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Letitia Wright maintains she is not a ‘transphobic, homophobic anti-vaxxer’ as she addresses past controversy
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Letitia Wright maintains she is not a ‘transphobic, homophobic anti-vaxxer’ as she addresses past controversy

"Those are things that I am not"

Letitia Wright has maintained that she is not a 'transphobic, homophobic anti-vaxxer' after being asked directly about the past controversy.

The 29-year-old actor opened up in a new interview amid the release of Black Panther: Wakanda Forever in which she reprised her role as Shuri.

To refresh your memory, a couple of years back in the height of the pandemic, Wright shared an anti-vax video which also contained transphobic comments.

What's more, the video was by Tomi Arayomi, a pastor and YouTuber who has previously suggested LGBTQ+ people are 'invading the church' and used the term 'hell children' to describe people who go to Pride.

Wright initially defended posting the video, telling her followers: "If you don’t conform to popular opinions but ask questions and think for yourself… you get cancelled."

She then later apologised for sharing the film before deleting her Twitter account.

In a now-deleted tweet, she wrote: "My intention was not to hurt anyone, my ONLY intention of posting the video was it raised my concerns with what the vaccine contains and what we are putting in our bodies. Nothing else."

Letitia Wright shared the controversial video in 2020.

While sitting down with the Aisha star to discuss her background and acting career, The Guardian's Simon Hattenstone decided to ask her about the incident and whether she feared getting cancelled at the time.

"I feel it’s something I experienced two years ago and I have in a healthy way moved on," she explained.

"And in a healthy way I’ve apologised and deleted my Twitter. I just apologised for any hurt that was caused to anybody."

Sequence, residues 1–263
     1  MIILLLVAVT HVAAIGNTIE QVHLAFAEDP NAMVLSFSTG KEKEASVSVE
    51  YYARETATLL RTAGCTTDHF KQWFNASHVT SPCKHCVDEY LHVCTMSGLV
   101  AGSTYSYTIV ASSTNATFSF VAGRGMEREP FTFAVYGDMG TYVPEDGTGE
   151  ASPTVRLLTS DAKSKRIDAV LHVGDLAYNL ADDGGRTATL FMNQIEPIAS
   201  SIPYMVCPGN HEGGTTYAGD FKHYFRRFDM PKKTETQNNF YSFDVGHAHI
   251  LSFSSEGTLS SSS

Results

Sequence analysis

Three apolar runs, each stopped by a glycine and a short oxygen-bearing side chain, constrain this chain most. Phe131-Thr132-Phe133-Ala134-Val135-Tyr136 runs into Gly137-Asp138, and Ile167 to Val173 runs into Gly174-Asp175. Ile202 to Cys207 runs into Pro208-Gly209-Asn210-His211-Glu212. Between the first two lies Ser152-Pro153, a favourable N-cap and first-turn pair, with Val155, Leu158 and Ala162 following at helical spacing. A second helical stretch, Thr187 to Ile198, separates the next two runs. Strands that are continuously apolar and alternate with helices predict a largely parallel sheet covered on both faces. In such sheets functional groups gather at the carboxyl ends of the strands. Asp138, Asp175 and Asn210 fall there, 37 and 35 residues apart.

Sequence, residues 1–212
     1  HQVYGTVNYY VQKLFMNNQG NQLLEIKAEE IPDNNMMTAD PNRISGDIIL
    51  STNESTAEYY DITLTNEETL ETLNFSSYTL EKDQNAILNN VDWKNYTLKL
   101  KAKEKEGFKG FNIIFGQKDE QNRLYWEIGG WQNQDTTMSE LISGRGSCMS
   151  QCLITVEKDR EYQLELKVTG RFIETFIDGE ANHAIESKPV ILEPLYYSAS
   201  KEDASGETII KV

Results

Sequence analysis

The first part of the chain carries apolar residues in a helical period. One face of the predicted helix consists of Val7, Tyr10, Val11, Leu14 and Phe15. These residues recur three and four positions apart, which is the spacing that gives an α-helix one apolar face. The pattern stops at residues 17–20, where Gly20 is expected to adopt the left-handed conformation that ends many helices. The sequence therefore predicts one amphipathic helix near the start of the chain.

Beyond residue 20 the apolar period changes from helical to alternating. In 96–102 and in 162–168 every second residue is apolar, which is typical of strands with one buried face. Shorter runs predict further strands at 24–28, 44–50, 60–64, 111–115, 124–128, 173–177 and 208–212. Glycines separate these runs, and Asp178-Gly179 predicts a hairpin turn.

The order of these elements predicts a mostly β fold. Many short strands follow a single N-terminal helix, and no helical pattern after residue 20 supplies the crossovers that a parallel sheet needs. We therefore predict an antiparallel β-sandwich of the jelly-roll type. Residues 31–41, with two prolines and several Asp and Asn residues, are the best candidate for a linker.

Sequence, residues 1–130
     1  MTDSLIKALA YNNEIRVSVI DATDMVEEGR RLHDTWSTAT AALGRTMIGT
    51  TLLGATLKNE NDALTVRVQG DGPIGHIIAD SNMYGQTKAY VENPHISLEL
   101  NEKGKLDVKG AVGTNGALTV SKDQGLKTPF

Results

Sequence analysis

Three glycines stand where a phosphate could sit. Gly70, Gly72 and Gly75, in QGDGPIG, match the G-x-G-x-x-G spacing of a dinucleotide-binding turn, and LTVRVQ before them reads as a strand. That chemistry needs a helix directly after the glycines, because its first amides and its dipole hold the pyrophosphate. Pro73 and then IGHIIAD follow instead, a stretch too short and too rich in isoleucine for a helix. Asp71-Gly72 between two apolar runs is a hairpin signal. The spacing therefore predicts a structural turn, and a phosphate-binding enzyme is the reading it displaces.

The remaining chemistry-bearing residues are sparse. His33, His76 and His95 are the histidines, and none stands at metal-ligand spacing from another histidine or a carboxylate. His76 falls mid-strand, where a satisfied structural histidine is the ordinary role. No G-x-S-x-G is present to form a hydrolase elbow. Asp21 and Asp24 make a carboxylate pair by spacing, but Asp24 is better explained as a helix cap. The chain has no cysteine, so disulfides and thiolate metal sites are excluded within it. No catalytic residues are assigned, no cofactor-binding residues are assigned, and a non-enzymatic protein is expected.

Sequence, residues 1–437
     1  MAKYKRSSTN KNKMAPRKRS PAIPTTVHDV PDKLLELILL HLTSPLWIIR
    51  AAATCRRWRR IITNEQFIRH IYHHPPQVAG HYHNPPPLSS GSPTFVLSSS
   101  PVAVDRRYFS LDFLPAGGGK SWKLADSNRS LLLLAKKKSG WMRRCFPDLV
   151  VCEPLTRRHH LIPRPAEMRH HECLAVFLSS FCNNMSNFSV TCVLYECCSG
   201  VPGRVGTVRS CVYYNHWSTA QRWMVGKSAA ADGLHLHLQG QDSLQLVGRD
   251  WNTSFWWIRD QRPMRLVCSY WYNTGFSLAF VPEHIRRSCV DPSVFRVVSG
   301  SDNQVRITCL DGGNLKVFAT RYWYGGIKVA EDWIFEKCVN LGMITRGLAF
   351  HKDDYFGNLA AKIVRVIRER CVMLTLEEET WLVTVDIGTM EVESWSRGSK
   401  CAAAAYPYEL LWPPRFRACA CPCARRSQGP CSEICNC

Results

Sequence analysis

When questioned about whether or not the post was a misrepresentation of her values, Wright replied: "That’s exactly what my apology was.

"It was saying this is not me, and I apologise."

But Hattenstone probed further, saying that fans might have assumed by sharing the film that she's a 'transphobic, homophobic anti-vaxxer'.

The actor went on to say: "Those are things that I am not and I apologised and I’ve moved on."

Elsewhere in the interview, Wright opened up about the tragic passing of her friend and Black Panther brother Chadwick Boseman.

"I was devastated, as you can imagine. I’ve had to process it through therapy," she said.

Black Panther star Chadwick Boseman tragically passed away in August 2020.

"It’s not like I had a two-year break to process it and then came back into the film. We had to start six months after Chad died."

The star also discussed becoming a Christian, saying that her life has been transformed since finding religion.

"It gave me the centring I needed, the good foundation I needed, and it helped me to put in perspective what was important for me," she explained.

"Chasing something that is not tangible or not wholesome is not the way I want to go.

"If I was to pack all this up I’d still be happy with my faith, the contentment I feel and the connection to God."

Topics: Black Panther, LGBTQ, Coronavirus, Film and TV, Celebrity